Tom said...

I have to find the entire methodology suspect based on personal observation. Among my friends (middle class, university, liberal, but personally socially conservative) there is a 0% divorce rate, most marriages are looking at 15-20 year anniversaries, # of lifetime sexual partners would be be between 1-3, and *every* single one would have been classified as *not* in a stable marriage if surveyed between 18-33.

Simply put, the age of marriage for urban, educated, middle-class skews close to 30, which precludes the possibility of a "stable marriage" by the parameters of the survey.

Tom said...

The argument is that women who don't have sex before marriage are more likely to be of higher socio-economic status (or more intelligent) than women who don't and that it is their higher socioeconomic status (or intelligence) that makes them more able to form stable relationships.

I'd argue that given today's social context, a women who has had *no* sexual partners before marriage is more likely to have *strong* religious leanings (as opposed to lighter, cultural-based religious leanings) which tends to have a somewhat negative correlation with education and socio-economic status.

I don't think comments on relationships between very high religiosity and intelligence are likely to be productive.

The Social Pathologist said...

I mostly don't buy the above, but the study doesn't control for that possibility.

I'm not having a go at you Thursday, just discussing the topic.

The study doesn't control for a whole bunch of other variables as well. What about cultural beliefs, pill usage, porn consumption, wife's BMI? Remember, the purpose of the study was to study the effect of promiscuity on the "average woman". It's a "rule of thumb finding". To diss the study just because it can't predict the statistical probability of divorce in say, a bunch of ex-hookers who are "born again" is to a subtle attempt to deny any epistemological validity to the concept of average.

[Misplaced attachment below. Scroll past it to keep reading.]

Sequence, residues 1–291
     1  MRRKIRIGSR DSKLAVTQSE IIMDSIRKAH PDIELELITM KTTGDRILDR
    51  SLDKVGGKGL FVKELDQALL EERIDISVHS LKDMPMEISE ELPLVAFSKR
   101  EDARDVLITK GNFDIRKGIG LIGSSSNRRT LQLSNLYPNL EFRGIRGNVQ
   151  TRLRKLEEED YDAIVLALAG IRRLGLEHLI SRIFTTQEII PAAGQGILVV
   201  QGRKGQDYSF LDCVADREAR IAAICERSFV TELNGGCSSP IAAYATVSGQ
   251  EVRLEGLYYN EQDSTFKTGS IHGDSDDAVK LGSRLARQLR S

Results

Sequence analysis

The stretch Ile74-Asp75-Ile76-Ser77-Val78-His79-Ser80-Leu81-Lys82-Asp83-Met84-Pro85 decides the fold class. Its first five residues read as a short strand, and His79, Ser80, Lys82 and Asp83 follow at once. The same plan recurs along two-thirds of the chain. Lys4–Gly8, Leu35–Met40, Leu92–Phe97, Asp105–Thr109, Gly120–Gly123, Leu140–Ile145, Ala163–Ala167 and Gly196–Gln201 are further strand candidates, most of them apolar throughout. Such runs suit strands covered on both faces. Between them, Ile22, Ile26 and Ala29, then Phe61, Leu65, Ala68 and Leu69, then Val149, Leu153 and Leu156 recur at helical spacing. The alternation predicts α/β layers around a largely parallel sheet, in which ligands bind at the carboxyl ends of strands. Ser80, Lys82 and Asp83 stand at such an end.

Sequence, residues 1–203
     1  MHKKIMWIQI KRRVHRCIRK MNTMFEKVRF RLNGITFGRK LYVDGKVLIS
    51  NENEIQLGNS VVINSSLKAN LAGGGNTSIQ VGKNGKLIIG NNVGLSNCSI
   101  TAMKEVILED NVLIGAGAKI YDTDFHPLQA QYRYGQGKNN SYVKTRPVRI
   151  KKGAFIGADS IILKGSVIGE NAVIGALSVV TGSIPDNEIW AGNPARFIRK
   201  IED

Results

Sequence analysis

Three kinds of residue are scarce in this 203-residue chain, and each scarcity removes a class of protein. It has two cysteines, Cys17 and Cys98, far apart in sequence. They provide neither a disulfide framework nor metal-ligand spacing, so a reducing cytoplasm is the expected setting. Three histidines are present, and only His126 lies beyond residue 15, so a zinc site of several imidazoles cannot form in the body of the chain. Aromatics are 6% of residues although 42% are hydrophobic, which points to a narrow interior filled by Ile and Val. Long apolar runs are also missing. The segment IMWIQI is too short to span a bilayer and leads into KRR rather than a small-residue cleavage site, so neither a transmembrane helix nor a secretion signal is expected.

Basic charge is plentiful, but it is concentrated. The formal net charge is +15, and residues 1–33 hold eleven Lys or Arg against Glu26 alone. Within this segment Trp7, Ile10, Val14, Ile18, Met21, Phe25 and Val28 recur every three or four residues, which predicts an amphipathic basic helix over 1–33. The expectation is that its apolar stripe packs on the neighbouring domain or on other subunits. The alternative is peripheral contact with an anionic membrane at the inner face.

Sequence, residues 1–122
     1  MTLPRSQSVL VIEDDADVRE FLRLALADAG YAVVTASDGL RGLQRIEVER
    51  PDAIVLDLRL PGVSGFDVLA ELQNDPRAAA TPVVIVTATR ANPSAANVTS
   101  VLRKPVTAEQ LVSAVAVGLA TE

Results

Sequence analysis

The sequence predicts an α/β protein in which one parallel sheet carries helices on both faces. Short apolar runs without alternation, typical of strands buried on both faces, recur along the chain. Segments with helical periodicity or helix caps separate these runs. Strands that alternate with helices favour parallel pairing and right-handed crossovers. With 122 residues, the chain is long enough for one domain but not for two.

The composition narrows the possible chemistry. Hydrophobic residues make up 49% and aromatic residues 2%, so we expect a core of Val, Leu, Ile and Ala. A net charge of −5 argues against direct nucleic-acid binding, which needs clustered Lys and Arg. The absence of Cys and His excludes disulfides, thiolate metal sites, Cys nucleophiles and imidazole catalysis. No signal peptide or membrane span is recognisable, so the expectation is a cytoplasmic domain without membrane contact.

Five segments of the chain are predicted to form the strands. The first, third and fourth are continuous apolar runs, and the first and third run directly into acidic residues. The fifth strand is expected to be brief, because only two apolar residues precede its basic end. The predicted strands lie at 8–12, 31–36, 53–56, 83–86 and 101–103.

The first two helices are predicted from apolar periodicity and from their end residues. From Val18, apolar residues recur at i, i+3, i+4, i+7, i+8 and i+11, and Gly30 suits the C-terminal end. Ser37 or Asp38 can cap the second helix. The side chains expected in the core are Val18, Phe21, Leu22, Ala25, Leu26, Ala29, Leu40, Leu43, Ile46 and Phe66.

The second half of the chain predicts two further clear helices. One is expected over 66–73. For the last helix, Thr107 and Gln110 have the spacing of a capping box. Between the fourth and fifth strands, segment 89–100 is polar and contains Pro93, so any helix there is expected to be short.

Btw, it's the same type of argument pushed by the tobacco companies in refusing to accept liability for the health effects of their products, despite the overwhelming evidence that smoking causes cancer. They have escaped liability in many cases by arguing that there is always "some other effect" in a particular individual which may be responsible for the disease.

The Social Pathologist said...

...."born again" is to a subtle attempt to deny any.......

should be

....."born again" is a subtle attempt to deny any........

Sorry

The Social Pathologist said...

......and *every* single one would have been classified as *not* in a stable marriage if surveyed between 18-33....

Nope. It only excluded those groups if they were married less than five years at at the time of the survey.Were you married in your early 30's in 1988 you were included.

The only bias here was toward the promiscuous.

The college whore who slept with 100 guys but was married with three kids at 35 would of been included as being stable marriage material. If a woman had three divorces before she was thirty, then remarried, and had been in that marriage for five years at the time of the study, she was included as stable marriage material. In both instances these women were accorded the same status as the woman who had slept with and married one man only. Now most normal people would recognize that there is something not fair about this methodology. Even with the bar set so low the promiscuous still fail miserably.

With regard to religion and intelligence its been my experience that the religious fall into two groups. The majority are below the average and a lot of their religion is superstitious and fine as long as it doesn't tax them too hard and a minority that are super smart and usually very devout. In my experience the Non-believers tend to more fall in the middle of the intelligence spectrum. The problem with a lot of the middle level thinkers is that many of them think a bit(a lot more than the prole class), but they don't think too thoroughly.